Moody summer fog rolls over the mountains to kiss the ocean on California's Big Sur coast.
The feeling of enormity hits you in waves as you drive along Highway 1, soaking in the views of plunging wildflower-covered cliffs, rock formations jutting out of the cold, blue sea and silky sand beaches.
Driving through Big Sur along the curvy two-lane coastal road feels like a ride on a slow motion roller-coaster where the scenery isn't whizzing by in a blur, but instead looming larger and more breathtaking around every turn. Situated between the Pacific Ocean and Santa Lucia Mountains, nature's grandeur will compel you to stop and climb out of the car at each lookout - and there are many - to take photos with the rest of the tourists drawn to the area each year.
Big Sur - "El Sur Grande" ("The Big South") as the Spanish defined it - can be a daunting trip when you think of the rugged, mountainous 90 miles to explore from Carmel in the north to San Simeon to the south.
But the central 24 miles from the Bixby Bridge to McWay Falls can easily be seen over a day or two and tends to draw the largest number of tourists.
Whale-watchers come during the winter and families and travelers from other countries tend to migrate to Big Sur in the summer. Fall is off-season and many hotels fill the slow times with live musical performances and bargain lodging rates to boost business.
"The peninsula has always drawn a lot of Europeans - French, Italian, you name it," said Henry Guzman, 38, a bartender at the Big Sur River Inn's restaurant, who commutes from Monterey each day.
"The drive from Carmel to Big Sur, the beauty is amazing. You never experience a drive like that anywhere in the world," he said.
The area also is known as the muse of many artists and authors, including Hunter S. Thompson, Edward Weston, Jack Kerouac and Henry Miller. Miller wrote "Big Sur and the Oranges of Hieronymus Bosch" about his 15 years of living in the area. The Henry Miller Memorial Library along Highway 1 features Miller's writings, drawings and paintings.
Down to the beach
Much of the area's beauty - such as the Bixby Bridge area at the north - can be seen from your car. But then there are some amazing sights that are worth the hike to see - among them, Pfeiffer Beach, Partington Cove and McWay Falls.
We decided to find the beach at Pfeiffer Big Sur State Park after dinner one night at the Nepenthe Restaurant, famous for being on the site where Rita Hayworth and Orson Welles bought a cabin in the 1940s. The turnoff for the beach was hard to find as there is no sign on the main road and it was getting dark. Sycamore Canyon Road is a half-mile south on Highway 1 from the Big Sur Ranger Station. Look for Milemarker 45.64.
Then it's a sharp right and two miles down a scary one-lane road. The road has a couple of turnouts to avoid most head-on collisions.
At the end of the road, you find a car park and bathrooms. And you might run into some area residents with a hippie vibe, out checking on their gardens. There's also a horse ranch and a multitude of interesting dwellings, including one with massive "keep out" signs.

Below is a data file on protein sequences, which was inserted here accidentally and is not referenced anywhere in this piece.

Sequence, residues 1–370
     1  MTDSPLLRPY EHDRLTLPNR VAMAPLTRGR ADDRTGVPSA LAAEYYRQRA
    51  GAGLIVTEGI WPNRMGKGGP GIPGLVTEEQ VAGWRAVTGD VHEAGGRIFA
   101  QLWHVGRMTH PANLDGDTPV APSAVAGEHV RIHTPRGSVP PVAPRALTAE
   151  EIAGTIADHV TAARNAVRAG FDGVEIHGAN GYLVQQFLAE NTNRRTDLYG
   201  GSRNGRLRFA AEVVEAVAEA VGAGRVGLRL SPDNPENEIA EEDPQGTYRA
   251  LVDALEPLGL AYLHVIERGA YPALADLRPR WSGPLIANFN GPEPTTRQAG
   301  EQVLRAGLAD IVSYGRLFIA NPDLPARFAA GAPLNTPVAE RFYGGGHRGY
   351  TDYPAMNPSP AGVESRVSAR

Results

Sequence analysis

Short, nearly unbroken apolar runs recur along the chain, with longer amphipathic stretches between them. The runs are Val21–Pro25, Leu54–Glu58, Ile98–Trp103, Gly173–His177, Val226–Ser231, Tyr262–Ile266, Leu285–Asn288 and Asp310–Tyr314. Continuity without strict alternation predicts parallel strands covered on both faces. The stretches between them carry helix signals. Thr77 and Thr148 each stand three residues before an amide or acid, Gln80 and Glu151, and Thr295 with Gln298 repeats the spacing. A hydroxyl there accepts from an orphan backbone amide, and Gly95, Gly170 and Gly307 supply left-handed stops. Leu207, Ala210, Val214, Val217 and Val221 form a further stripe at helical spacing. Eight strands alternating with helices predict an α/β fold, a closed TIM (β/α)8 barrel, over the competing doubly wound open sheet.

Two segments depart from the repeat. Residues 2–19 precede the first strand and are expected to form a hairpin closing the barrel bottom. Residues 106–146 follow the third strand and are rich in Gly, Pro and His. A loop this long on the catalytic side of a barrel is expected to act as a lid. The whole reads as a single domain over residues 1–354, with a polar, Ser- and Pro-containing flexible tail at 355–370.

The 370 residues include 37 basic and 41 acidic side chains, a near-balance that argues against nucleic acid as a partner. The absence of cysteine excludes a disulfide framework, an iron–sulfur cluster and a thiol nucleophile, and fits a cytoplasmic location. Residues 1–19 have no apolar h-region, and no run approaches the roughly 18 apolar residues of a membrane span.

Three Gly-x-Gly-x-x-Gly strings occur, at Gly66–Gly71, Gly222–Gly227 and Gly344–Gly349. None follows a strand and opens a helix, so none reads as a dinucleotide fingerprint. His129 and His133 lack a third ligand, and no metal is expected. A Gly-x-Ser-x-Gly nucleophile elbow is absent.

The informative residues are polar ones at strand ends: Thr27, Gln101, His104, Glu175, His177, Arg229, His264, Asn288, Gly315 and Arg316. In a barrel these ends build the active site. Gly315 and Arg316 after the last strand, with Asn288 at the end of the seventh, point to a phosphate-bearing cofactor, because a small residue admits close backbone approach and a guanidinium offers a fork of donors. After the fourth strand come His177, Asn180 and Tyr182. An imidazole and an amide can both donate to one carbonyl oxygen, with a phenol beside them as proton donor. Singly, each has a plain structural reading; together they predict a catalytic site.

Past all that, you enter a path to the beach. The walk is about a mile round-trip, mostly through sand. Feast your eyes on massive rock formations and arches not far from the sandy beach. The surf foams over smaller rocks and when the sun sets, the palette changes from blue and yellow to magenta and orange and finally to lavender and black.
Partington Cove is another unmarked wonder, not to be missed. It's in Julia Pfeiffer Burns State Park and also a mile walk from Highway 1. There are two large turnout areas where you can leave your car before making the steep descent down a dirt road to the tunnel John Partington made through the granite cliff to use as a timber shipping dock in the 1880s.
As the trail splits, you'll pass over a small creek, then go through the tunnel. On the other side are beautiful views of the cove and ocean. You'll wish you packed a picnic to enjoy at this very private cove. We had the place to ourselves, seeing just one couple as we were entering and they were leaving.
Walking back through the tunnel to the trail split, go left for amazing views of a boulder-and-rock beach with pounding surf. Take your shoes off and soak your toes in the cool water. Go ahead and add to the rock sculptures previous visitors have left.
The falls draws enough tourists to fill the parking lot at Julia Pfeiffer Burns State Park. You can park here for a suggested donation of $10; there are restrooms here also. Then it's a short walk to the falls trail.
And when we say falls, think more a trickle from a garden hose than Niagara. The scenery around the 70-foot high falls draws more oohs and ahs than the outflow from McWay Creek to the beach. From the observation deck, you can see both sides of the coast and both are stunning.
If you take the path back toward the parking lot and then follow it to the other end, enjoy the shade of cypress and eucalyptus trees and a picnic area. But mind the poison oak, which is everywhere along the trail.